Wednesday, February 2, 2011

Christmas in February (Part 1)

David celebrates his new book
Last month, I sent some people (including David obviously) copies of Democracy at Risk with the following letter inside:
Around every holiday where gift giving is customary, I find myself in a conundrum. Most of the people I buy gifts for already have more things than they need. It almost seems spiteful to burden them with more, but at the same time I don’t want them to think I’m not appreciative. Given that one of the most pressing challenges our planet faces is our excessive consumption, my reservations about gift giving run much deeper than mere lack of need.
One of the solutions to this problem is to give books. Books facilitate the deliberate transfer of thoughts. Not stooping to the hasty and shallow banter that so often devalues our language, good books represent the other end of the spectrum. They are thoughtful, cautious, and represent vast amounts of time on the part of the author.
This year, I’m trying something new. For everyone on my Christmas list I have purchased the same book. I have not read this book and I do not know if it falls into the “good” category (though my research says it does and I surely hope it does). I will be reading this book over the next month and will be blogging about it during the month of February. I hope you will engage in the discussion (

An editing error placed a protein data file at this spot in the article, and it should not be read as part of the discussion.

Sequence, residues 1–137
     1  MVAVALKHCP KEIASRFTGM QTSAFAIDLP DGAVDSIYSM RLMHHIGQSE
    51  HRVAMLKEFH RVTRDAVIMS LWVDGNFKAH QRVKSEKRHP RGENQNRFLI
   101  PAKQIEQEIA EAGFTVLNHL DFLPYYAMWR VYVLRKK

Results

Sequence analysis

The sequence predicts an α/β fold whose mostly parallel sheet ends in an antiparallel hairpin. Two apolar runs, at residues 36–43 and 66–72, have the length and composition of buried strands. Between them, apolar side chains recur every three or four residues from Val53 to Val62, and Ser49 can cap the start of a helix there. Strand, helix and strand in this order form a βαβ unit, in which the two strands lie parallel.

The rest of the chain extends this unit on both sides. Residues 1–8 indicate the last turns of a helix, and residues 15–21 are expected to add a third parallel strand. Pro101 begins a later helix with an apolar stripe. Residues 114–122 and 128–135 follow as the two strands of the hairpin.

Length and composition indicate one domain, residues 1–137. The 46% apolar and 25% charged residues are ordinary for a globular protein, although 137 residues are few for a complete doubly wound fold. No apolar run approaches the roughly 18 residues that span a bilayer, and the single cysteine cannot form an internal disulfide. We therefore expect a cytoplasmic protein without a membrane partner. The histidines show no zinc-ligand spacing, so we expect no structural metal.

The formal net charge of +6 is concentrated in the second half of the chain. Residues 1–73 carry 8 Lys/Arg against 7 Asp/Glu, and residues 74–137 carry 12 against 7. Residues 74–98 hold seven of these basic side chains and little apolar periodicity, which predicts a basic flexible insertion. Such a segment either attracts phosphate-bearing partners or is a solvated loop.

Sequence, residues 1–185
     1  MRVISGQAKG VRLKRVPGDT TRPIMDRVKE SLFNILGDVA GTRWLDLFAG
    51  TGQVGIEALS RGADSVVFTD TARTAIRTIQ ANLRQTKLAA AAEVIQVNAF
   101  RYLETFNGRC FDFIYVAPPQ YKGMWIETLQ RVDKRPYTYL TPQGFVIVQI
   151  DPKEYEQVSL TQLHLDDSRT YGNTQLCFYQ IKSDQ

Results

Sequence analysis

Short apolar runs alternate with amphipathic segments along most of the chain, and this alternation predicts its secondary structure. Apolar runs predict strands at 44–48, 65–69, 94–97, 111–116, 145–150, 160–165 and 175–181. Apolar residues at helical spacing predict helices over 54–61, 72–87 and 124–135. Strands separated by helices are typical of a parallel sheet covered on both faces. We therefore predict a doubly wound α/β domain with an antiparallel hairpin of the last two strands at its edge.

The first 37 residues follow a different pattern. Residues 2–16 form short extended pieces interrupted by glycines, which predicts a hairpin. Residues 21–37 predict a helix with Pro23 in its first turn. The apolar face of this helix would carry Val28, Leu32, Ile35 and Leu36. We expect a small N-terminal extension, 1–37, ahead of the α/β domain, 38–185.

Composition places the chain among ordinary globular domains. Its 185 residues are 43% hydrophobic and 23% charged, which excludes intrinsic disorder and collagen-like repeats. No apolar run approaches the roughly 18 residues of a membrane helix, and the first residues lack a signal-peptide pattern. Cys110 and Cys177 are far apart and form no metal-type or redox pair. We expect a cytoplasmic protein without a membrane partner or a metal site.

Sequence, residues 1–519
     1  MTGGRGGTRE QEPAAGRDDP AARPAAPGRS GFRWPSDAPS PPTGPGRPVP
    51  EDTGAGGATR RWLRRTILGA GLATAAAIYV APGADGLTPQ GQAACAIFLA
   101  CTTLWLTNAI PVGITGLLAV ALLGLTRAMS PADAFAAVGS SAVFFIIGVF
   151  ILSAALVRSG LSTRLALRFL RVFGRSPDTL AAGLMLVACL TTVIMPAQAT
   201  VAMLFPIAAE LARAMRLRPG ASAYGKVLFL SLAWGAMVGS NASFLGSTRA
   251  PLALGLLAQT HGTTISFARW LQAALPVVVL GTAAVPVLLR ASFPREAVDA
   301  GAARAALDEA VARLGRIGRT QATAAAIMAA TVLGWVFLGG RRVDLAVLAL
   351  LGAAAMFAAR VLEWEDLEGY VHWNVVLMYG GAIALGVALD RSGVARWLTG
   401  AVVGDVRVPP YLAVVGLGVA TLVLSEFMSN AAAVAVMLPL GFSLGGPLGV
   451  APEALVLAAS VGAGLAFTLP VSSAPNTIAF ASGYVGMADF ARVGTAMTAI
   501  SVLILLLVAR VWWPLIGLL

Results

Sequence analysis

I am giving this book to you because I value you. I am giving this book to you because I think you are thoughtful. 
Merry Christmas.
 Note: If you didn't receive one, don't be offended. I had a limited number and I'm really not that great at giving gifts. I hope even if I didn't send you one, you'll join in the discussion.

I was a little nervous about the book initially. It was published in 2000 and the world was a much different place then. It was written at a time when the markets were "booming" and "prosperity" was rampant. Now, after reading some of the way through the book, I think it is ideal.

It's easy to bemoan the economic problems of today; the economy is bad, people are out of work, etc. It's much more difficult to avoid wishing our economy behaved like it did back in the 90s. Nevertheless, the author gives us a less dreamy picture of the Clinton economy.

Of course what I like most is his affirmation for an engaged electorate. Howard Zinn said "You can't be neutral on a moving train," and if the trajectory of our politics says anything, it says we must be invested in our democracy.

Today's post is really just meant to be an introduction. This book's message has the specialty of being transcendent. For that I am thankful. I'll be posting all this month. Chime in.

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